The Internet is full of conflicting information about healthy living.
First, we’re told that fat is bad for us, now it’s good. First, we’re told that sugar is okay because it’s low calorie, now we are told that sugar is the root of all of our health problems. We know that we are supposed to exercise, but experts can’t agree on how much or of what kind is best. Smoking is bad, but now research shows that being lonely is even far worse for you than tobacco.
Fortunately, most of us can achieve solid good health by following this rather simple formula that our doctors can help us tweak if necessary. It looks like this:
Exercise most days , and exercise hard enough to break a sweat and for at least half an hour. Walk fast, jog, bike, dance, elliptical trainer, it doesn’t matter. The goal is to get your heart to speed up and your lungs to work hard. If you have ankle, hip or knee issues, try a non-weight bearing option like bicycling or rowing. The goal with this kind of exercise, called “cardio” because it works the heart and lungs, is to make it a habit. So make it fun, do it at a time of day that works for you and do it even when you don’t feel like it. If you want more, go longer or faster, or add strength training and some stretching.
Eat real food, and drink plenty of water. No matter what you see on TV or on the Internet, you can’t go wrong eating fresh, whole foods and drinking lots of water.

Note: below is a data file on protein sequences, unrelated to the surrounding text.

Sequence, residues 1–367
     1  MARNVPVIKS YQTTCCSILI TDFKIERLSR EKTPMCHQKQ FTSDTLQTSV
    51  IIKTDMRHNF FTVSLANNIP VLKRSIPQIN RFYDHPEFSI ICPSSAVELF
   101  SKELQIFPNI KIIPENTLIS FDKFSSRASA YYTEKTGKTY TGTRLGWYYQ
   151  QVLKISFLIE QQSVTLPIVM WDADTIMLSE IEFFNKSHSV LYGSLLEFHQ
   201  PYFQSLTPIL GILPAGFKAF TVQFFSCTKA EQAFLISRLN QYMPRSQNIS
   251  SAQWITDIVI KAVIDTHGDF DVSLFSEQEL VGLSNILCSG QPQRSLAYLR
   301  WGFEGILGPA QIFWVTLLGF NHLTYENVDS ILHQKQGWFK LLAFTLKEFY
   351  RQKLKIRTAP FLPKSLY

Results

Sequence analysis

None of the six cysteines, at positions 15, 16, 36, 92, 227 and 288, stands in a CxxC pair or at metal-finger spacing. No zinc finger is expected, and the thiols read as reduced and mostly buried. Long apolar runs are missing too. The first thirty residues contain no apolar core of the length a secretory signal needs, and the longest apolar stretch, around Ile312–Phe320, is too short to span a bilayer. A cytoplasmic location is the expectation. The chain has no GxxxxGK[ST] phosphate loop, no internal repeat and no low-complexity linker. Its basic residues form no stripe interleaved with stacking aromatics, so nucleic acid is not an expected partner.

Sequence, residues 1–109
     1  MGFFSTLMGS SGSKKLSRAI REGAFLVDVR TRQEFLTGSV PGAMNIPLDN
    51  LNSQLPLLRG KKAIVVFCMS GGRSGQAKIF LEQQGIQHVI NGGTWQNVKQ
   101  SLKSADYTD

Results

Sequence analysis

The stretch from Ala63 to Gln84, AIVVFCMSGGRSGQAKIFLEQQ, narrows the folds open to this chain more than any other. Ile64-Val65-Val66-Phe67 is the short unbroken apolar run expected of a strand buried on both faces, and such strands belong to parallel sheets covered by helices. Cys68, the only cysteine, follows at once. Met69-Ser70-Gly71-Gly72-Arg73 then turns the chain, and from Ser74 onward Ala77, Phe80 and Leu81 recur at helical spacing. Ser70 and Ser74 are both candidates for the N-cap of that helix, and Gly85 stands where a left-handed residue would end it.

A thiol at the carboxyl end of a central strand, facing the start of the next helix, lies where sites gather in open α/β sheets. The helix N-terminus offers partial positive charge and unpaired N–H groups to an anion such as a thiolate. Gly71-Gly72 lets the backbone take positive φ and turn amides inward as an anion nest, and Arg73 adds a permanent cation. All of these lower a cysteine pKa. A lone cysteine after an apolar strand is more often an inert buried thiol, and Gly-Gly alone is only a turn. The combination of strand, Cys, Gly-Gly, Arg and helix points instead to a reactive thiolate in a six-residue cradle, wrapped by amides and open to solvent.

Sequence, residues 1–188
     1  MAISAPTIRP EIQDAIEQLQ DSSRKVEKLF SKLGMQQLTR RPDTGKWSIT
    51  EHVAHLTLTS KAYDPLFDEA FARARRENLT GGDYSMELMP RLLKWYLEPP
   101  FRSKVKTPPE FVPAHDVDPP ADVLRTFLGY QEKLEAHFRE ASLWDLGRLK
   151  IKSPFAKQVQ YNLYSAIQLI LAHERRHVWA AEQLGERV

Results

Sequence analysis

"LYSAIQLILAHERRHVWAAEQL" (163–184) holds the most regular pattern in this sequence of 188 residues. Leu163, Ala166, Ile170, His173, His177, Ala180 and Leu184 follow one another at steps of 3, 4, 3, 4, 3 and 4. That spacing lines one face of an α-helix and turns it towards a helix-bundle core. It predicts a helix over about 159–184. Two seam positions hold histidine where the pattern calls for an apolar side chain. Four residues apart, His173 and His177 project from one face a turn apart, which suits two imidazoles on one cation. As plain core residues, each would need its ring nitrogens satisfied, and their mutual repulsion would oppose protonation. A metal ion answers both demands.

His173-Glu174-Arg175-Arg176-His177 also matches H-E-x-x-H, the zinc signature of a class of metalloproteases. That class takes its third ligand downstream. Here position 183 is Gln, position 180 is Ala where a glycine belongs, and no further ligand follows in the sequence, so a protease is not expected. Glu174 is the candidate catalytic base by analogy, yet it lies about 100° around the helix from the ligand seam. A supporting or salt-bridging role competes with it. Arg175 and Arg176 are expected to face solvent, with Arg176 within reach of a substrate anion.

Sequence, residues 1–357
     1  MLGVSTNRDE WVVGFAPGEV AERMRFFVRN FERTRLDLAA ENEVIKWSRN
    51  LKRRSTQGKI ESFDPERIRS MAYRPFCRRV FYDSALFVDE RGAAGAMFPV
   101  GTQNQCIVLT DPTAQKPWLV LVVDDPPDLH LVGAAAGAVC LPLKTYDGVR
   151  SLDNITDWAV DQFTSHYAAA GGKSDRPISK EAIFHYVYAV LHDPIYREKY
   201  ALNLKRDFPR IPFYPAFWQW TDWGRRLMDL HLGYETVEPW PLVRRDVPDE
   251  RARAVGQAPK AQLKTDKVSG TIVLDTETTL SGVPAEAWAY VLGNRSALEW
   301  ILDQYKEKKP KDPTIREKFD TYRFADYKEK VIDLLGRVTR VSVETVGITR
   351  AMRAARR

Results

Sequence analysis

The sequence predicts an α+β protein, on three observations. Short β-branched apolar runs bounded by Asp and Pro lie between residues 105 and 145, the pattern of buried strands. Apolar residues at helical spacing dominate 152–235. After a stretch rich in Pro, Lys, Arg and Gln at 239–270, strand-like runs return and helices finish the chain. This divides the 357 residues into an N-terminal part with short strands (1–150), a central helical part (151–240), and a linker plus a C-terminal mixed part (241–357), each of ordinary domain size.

The obesity and other chronic disease problems we have in our culture are not the results of people eating fresh home-cooked meals. Avoid packaged and processed foods and you’ll avoid almost all the added sugars and salt that could threaten your health.
Include fruits and vegetables in every meal, don’t live on desserts (or white bread, rice, and pasta that turn straight into sugar once you eat them), and take it easy on alcohol and portion size–there you go!
Don’t worry about low-fat and sugar-free versions of your favorites. Cook the real deal for yourself and eat it in moderation. It will satisfy your body better than the fake stuff. Make water a habit like exercise: start with a big mugful in the morning and repeat before every meal, before and after exercise and whenever you get up for a break. If you want to take it to the next level, switch to whole grain bread and pasta, and eat less red meat in favor of more fish, beans, and tofu.
Get enough sleep and manage your stress. Research shows that stress and sleep deprivation are major risk factors for all kinds of chronic illness, not to mention how miserable they can make us.
Healthy adults should strive for 7-8 hours of sleep a night. Make that an achievable goal by staying away from caffeine after noon, exercising in the morning or noon hour instead of after dinner, keeping the TV and computer screens turned off while you sleep, and creating soothing rituals to help you relax at the end of the day. Try a hot bath, a cup of warm milk with cinnamon, a few minutes with a book or gentle music to unwind your mind. Still having trouble sleeping? Try some guided meditation or yoga to help your body and brain relax.
Healthy living takes practice, and changes as our needs change. With so much conflicting information out there, the hardest part is getting started.
If you use these guidelines, you’ll be on your way to wellness. Need more information? Contact us for suggestions to help you get healthy and stay healthy.